Happy Thursday everyone. As promised, below you will find the first blog installment of how your ANS works. Lack of understanding about the automatic nature of most of our body’s responses can cause confusion and often lots of anxiety. In order to feel good and live with joy and vitality your ANS must be regulated and in good working order.
The ANS controls many body processes and hums along outside of our conscious awareness most of the time. Some of the more important processes include; digestion, elimination, heart rate, breathing, and preparation for danger and/or survival. This last automatic process is usually where the excess anxiety begins to creep in. Sometimes the ANS broadcasts a danger signal when there really isn’t any danger or does not stop sending the signal after the danger is over. This is one way our Nervous systems get dis-regulated.
Because our ANS signals to our body that we are in danger our heart rate increases, our breath shortens and we feel anxious, tense and jittery. I have some clients who live like this 24/7. As you can imagine, this is very hard on the body and causes eventual physical, relational, and emotional problems in the long run.
In order to understand why the body/ANS may signal danger when there is none it helps to understand how our brains work. To simplify matters we will split the brain into 3 main parts, listed in the order which they develop as we grow into adulthood. The first is the primitive brain, the brain stem, controlling most automatic processes. The second is the limbic system or the emotional brain, this area includes memory and attachment processes. The third and last to fully develop is our pre-frontal cortex, our rational brain; this part of the brain helps us function well in society and can work as a brake to help reign in the emotional and primitive brain.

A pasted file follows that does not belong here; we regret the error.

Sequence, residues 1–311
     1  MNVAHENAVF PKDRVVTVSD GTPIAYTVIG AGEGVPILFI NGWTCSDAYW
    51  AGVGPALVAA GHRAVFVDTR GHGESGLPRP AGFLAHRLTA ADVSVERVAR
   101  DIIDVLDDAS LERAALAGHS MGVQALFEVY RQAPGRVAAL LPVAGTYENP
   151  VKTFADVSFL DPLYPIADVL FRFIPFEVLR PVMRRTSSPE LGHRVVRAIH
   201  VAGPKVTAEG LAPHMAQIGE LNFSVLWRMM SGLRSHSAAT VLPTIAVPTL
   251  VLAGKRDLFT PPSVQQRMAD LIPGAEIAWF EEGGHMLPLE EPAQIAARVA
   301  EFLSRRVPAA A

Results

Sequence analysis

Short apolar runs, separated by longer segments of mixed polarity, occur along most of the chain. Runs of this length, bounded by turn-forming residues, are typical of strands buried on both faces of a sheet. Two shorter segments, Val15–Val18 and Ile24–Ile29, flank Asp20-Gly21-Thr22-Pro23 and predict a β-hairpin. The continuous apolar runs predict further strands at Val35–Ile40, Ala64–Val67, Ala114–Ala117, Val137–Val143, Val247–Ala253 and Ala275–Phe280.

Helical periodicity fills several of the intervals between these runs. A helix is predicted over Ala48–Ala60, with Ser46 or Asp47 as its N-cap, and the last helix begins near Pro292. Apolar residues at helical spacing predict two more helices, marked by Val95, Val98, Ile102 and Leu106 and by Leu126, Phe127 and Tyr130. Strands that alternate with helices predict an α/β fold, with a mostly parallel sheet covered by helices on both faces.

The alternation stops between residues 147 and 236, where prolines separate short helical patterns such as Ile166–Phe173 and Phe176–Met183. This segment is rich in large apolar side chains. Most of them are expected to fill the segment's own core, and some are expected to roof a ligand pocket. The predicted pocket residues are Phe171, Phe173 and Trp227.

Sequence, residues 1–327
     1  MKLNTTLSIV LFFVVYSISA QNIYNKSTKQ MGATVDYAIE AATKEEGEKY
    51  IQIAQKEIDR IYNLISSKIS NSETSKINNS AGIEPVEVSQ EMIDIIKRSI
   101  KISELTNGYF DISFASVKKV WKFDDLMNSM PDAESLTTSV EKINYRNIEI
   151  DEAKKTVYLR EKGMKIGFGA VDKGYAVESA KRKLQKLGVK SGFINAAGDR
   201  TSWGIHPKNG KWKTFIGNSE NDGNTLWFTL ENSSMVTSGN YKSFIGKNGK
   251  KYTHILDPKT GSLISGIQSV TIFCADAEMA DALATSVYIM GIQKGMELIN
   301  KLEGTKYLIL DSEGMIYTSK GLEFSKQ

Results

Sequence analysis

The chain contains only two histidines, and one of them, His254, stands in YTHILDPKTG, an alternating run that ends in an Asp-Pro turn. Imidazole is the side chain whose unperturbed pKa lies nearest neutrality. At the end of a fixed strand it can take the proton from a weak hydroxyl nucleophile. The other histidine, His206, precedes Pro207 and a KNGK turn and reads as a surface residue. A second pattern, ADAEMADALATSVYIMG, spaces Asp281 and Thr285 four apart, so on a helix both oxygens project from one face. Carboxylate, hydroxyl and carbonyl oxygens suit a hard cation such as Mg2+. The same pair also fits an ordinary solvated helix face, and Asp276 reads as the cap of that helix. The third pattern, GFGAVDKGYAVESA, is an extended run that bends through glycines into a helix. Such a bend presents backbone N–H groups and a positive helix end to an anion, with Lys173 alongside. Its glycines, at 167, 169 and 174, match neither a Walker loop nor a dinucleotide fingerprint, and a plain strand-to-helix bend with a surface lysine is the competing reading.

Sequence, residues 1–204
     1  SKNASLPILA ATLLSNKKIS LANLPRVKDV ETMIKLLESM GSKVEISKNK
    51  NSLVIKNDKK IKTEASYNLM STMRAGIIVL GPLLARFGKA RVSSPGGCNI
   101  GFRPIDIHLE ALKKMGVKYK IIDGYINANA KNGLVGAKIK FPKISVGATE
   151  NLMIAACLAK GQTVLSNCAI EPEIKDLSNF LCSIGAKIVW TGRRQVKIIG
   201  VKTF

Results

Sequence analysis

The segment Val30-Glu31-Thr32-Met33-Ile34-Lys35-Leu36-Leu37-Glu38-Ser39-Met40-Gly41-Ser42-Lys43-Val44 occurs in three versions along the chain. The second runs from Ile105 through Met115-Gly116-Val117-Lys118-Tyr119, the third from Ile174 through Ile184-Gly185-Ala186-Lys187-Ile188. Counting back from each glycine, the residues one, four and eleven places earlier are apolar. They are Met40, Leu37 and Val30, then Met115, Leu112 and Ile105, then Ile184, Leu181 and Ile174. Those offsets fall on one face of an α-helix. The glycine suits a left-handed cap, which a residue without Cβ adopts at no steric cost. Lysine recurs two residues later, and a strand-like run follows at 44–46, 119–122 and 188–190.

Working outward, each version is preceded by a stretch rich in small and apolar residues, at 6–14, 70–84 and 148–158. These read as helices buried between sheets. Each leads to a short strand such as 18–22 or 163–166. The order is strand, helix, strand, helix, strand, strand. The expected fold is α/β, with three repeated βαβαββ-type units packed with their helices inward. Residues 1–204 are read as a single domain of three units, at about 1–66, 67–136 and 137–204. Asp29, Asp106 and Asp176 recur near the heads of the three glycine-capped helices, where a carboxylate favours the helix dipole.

To put it in a nutshell, when we have way too much anxiety our emotional and primitive brains are running the show and they are not rational in any shape or form. Our rational brain is shut down and we are often even briefly in survival mode which can cause us to have an visceral reaction that believes it’s either me or you that will survive. This is why people sometimes say the most terrible things to their loved ones when fearful or anxious. Anxiety often causes tremendous anger as well because we hate being helpless.
Stay tuned for the next installment to learn more about the amygdala, the “smoke detector” of the brain and how to use your rational brain to help with your anxiety and how this helps to re-regulate your nervous system.
Remember the 3 legged stool of self-care. The way we treat ourselves on an every day basis impacts the way we feel.
Take good care, Wanda Brothers